• France, Finland, Spain, Germany, Italy form more than 81% of the Index
  • Financial, Industrial, Telecom, Utilities form more than 77% of the sectoral weightage
  • Mean Div Yield: 5.7%
  • Return: 3.5% in 2014, 6.3% (1 yr), 9.6% (3 yr)

Dow Jones Eurozone Select Dividend 30 Index

Dow Jones Global Select Dividend Index


Highlights:

  • Bloomberg Symbol: DJGSD
  • This is what it contains at a high level: “Dividend stocks of diverse sectors from major developed European, North American countries & Australia”
  • Australia, US, UK, Canada, France form more than 70% of the Index
  • Financial, Industrial, Telecom, Utilities, Consumer Goods form more than 87% of the sectoral weightage
  • Mean Div Yield: 5.7%
  • Return: 0.4% in 2014, -9.9% (1 yr), 3.9% (3 yr)

Dow Jones Global Select Dividend Index

Dow Jones Global Select Dividend Composite Index


Highlights:

  • Bloomberg Symbol: click here
  • This is what it contains at a high level: “300 Dividend stocks of diverse sectors from Developed and Emerging markets”
  • Australia, US, UK form more than 70% of the Index. US forms more than 53%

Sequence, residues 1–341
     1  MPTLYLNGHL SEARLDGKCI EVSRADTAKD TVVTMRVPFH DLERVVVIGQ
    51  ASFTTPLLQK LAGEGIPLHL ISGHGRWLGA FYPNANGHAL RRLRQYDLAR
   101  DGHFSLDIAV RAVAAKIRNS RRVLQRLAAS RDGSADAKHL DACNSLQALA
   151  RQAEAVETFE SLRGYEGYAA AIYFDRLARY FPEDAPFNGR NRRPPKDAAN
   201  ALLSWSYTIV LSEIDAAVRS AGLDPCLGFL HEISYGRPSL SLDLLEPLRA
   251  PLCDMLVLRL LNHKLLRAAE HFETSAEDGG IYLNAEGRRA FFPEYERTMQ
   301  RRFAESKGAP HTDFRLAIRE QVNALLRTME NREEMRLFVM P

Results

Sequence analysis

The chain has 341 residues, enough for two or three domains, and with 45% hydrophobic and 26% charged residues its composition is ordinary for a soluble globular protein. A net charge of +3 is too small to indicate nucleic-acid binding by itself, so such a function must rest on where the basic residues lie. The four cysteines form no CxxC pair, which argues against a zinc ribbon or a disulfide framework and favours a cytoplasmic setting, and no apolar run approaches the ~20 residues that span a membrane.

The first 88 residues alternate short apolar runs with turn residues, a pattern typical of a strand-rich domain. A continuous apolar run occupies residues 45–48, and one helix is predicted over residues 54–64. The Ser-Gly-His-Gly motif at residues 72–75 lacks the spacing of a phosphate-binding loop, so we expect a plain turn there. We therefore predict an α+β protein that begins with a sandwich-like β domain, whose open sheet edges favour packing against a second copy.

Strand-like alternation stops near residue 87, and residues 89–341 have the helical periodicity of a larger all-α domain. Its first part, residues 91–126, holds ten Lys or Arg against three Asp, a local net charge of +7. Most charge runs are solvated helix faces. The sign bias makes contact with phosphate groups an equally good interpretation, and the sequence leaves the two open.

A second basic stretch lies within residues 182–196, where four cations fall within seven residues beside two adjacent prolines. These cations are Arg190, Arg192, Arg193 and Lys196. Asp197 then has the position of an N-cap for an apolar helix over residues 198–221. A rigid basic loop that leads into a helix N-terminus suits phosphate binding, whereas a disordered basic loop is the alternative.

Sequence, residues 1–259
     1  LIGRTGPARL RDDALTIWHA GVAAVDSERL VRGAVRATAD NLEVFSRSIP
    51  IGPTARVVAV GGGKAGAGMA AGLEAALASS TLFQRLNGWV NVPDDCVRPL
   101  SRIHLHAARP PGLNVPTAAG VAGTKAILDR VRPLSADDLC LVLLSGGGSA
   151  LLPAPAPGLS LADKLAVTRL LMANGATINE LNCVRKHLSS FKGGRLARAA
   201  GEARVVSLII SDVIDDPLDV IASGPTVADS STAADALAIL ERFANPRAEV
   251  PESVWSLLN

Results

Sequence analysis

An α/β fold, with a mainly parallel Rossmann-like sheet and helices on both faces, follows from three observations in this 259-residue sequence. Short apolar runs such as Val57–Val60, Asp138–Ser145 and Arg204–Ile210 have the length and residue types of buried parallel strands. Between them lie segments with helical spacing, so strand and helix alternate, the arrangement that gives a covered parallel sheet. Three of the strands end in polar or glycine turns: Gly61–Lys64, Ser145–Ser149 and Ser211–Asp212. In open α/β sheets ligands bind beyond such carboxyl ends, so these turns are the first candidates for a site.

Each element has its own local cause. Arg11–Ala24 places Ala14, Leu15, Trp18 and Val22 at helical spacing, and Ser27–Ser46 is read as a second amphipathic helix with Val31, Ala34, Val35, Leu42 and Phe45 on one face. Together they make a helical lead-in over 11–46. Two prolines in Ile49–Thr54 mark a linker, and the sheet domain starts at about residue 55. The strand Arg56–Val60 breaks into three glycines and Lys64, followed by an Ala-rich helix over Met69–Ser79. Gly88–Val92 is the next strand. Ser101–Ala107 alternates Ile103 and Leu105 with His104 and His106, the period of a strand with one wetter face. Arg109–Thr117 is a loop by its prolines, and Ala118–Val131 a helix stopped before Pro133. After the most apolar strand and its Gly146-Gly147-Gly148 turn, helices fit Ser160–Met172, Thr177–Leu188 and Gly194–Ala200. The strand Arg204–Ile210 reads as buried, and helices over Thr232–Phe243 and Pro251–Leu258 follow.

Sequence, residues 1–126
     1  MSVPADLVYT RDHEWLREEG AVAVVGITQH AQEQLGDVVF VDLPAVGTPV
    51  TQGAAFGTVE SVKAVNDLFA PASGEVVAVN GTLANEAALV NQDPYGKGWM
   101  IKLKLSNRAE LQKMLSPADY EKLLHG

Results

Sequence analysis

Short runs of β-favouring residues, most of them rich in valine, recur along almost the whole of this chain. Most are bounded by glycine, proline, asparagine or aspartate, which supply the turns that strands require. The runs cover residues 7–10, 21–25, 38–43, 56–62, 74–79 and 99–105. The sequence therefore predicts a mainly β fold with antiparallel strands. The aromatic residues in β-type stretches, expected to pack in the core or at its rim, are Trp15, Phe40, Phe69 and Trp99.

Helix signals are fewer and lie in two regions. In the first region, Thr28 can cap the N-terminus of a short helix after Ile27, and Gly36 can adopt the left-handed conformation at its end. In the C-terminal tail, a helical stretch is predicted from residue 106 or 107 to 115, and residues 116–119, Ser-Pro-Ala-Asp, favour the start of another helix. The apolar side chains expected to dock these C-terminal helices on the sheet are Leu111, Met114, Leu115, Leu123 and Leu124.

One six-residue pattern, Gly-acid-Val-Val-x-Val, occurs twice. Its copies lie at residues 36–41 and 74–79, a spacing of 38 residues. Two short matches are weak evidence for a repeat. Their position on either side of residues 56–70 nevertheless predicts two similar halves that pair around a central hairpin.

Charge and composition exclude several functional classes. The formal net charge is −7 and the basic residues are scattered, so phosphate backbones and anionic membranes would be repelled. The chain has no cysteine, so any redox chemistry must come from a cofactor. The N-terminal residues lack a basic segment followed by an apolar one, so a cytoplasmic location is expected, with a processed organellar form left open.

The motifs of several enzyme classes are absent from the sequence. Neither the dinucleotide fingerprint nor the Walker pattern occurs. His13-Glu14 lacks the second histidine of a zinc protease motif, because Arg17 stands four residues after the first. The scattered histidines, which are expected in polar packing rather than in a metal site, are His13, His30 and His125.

• Financial, Industrial, Oil & Gas, Utilities, Consumer Goods form more than 75% of the sectoral weightage
  • Mean Div Yield: 5.2%
  • Return: 3.8% in 2014, -6.9% (1 yr), 6% (3 yr)

Dow Jones Global Select Dividend Composite Index

The Bottom Line


If you are heavily invested in US and Canadian stocks and want exposure to other uncorrelated markets, it might make sense to avoid Global Select Composite Indices. If you want to add an Asian component to your Dividend portfolio, then DJ Asia Select Index (DJASD) is a good option—it will expose your portfolio to Chinese and Taiwanese stocks (top 3 are Chinese real estate companies). If you want to mix Asian with some non-US-related developed countries then DJ Asia Pacific Select Index (DJAPSD) is a good option. For pure European exposure, you need to decide if Germany/Spain or UK/Switzerland will better suit your needs. France & Finland carry heavy weights in both DJ Eurozone Select Index and DJ Europe Select Index. US and UK markets are usually correlated to a large extent and if you don’t want that then you should consider the Eurozone Index.

DJ Asian Select Index (DJASD) and DJ Eurozone Select Index (DJGSD) have been the better performers from a return perspective in the last 3 years.

Follow me @tanmoyroy for more frequent updates.